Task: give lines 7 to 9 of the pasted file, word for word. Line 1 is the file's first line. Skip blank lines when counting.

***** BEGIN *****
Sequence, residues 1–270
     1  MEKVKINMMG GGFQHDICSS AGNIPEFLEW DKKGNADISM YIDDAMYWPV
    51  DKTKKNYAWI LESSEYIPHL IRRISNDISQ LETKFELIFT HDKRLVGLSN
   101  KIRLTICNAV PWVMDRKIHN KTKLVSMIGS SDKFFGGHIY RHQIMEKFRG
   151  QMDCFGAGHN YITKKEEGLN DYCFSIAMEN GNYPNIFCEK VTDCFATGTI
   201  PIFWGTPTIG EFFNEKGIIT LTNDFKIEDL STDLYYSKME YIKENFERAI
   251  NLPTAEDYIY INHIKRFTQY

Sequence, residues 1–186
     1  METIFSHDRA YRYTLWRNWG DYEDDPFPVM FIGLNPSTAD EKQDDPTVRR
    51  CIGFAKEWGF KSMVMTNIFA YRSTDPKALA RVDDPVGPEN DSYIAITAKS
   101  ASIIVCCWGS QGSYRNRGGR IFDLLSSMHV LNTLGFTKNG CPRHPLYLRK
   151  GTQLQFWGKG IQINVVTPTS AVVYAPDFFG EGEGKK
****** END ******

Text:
   251  NLPTAEDYIY INHIKRFTQY

Sequence, residues 1–186
     1  METIFSHDRA YRYTLWRNWG DYEDDPFPVM FIGLNPSTAD EKQDDPTVRR